This article was originally published for Religion News Service.
Texas always seems to lead the way in hate — quite literally: we account for 10% of the country’s hate groups, many of them spurred by Islamophobia. Since 2016, Texas has led the country in arson attacks on mosques, where armed white supremacists regularly show up to protest.
The hate also comes from official quarters. In the wake of President Trump’s Muslim ban, Dallas-Forth Worth International Airport had more detainees than any other port of entry. In 2017, State Representative Kyle Biedermann asked pretty much every Muslim leader and organization head in the state, including me, to respond to a “survey” that amounted to a loyalty oath.
It’s against this Islamophobic backdrop that we need to examine Texas Gov. Greg Abbott’s decision to opt out of the United States refugee resettlement program in response to Executive Order 1388, allowing states to choose whether to participate. So far, 42 other states have said that they will opt in; Abbott is the first chief executive to take a pass.
It was a 2016 campaign called “Say No to Syrian Refugees” that first spurred white supremacists to protest in front of our mosques here. I met some of the protesters personally, as you can see in a BBC documentary titled “United States of Hate,” in which I come face to face with one of the gun-wielding protesters and invite him to a picnic with the Syrian refugees he was denigrating. To his credit, he quickly realized that, in the process of dehumanizing refugees, he had lost his own humanity.
Or as he put it upon meeting a family whose 7-year-old daughter had her leg blown off in Idlib: “I feel like an idiot.”
The official rejection of refugees largely rests on two lies: 1. That refugees have been a drain on economic resources and 2. That they threaten our security.
People hold signs in support of Muslims as they greet individuals headed to the Clear Lake Islamic Center in Webster, Texas, on Friday, Dec. 4, 2015. (AP Photo/David J. Phillip)
The economic claim has been roundly disproved, in relation to Texas and elsewhere. Refugees consistently outrank the U.S. born population in entrepreneurial pursuits, and in 2015 alone they spent $4.6 billion into Texas’ economy and paid $1.6 billion in taxes.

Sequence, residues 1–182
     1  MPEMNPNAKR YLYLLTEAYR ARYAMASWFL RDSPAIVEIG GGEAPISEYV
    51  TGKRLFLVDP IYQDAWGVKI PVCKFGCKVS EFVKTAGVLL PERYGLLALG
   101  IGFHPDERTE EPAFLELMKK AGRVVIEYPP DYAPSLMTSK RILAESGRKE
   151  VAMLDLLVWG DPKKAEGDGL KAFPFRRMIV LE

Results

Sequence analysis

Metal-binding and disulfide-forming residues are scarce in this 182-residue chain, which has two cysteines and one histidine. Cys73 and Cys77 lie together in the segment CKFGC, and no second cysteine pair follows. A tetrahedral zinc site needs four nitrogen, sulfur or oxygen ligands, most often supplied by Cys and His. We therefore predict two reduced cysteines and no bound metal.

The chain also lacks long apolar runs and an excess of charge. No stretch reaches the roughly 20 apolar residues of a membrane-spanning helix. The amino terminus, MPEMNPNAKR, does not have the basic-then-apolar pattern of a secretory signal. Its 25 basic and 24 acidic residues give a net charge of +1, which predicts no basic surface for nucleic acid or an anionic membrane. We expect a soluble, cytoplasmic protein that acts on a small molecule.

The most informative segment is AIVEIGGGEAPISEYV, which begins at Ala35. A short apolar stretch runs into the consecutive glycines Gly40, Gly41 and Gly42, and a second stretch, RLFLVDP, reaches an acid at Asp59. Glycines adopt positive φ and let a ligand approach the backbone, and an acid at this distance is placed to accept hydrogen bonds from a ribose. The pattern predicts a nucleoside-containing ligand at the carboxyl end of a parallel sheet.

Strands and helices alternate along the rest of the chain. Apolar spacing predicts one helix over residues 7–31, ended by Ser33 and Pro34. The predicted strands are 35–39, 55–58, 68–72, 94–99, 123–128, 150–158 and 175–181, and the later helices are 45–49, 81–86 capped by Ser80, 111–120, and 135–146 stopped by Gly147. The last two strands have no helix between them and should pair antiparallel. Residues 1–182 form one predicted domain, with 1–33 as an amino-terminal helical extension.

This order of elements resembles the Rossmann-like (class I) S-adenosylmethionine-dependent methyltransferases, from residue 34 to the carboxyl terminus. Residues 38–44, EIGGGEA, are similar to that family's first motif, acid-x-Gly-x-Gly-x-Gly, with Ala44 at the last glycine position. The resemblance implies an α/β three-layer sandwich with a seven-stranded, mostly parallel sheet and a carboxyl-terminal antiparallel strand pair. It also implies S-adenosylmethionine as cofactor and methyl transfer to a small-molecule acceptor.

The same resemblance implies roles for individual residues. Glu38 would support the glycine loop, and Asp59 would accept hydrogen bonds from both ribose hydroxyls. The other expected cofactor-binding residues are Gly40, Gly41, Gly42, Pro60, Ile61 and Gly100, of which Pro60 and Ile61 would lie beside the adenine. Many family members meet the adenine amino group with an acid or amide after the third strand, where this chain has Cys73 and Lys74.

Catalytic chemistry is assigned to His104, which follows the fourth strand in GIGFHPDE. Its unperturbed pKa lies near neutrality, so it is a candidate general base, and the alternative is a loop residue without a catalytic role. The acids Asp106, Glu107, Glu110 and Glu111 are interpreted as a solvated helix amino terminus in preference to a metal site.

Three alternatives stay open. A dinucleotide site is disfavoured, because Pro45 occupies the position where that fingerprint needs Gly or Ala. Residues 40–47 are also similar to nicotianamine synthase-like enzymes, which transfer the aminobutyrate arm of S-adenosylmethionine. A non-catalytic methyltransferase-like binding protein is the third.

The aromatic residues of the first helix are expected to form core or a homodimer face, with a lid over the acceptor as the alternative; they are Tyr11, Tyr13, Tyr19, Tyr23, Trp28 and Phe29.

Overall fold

Refugees have, as the Texas Catholic Conference of Bishops wrote in their letter of objection to the governor’s decision, made our communities more vibrant and “brought their gifts and talents to our state,” contributing to the “general common good of all Texans.”
According to Maruf Dallas, a Muslim aid organization that supported more than 2,500 refugees in 2019, 93% of those it supported were able to achieve a state of self-sufficiency within four months of arrival.
The second claim is the more nefarious, in that it preys on people’s fears and actually endangers Muslims by portraying them as foreign threats. We cannot ignore the fact that when Trump initiated his Muslim ban, 28-year-old Alexandre Bissonnette walked into a mosque in Quebec and murdered six worshippers in cold blood. His stated reason for doing so was to deter Syrian refugees who had been rejected by the United States from coming to Canada.
That single act of terror cost more lives than terrorist attacks in this country by a Syrian refugee, which of course come to a grand total of zero.
These are people fleeing some of the most horrific circumstances of war. The devastation of their country has robbed them of dignity and opportunity. The last thing they are interested in is waging war, especially on the countries that take them in and give them another chance. They treasure the warmth shown to them and give their absolute best in return to the nations that resettle them. Their fear of death in their homelands is real, our fear of them is manufactured.
Among the multiple statements issued by religious and human rights organizations opposing Abbott’s decision, one stood out to me in particular. The Dallas Holocaust and Human Rights Museum reminded us that it was in the unchecked anti-Semitism of the 1930s and 1940s that Jewish refugees were turned away from these shores.
“If more Americans had spoken out during the 1930s and early 1940s in favor of admitting European Jewish refugees, many lives could have been saved,” the statement said simply.
The same is true today in the midst of the worst refugee crisis since the Holocaust. If more Americans would speak out against Islamophobia, perhaps many more lives can be saved.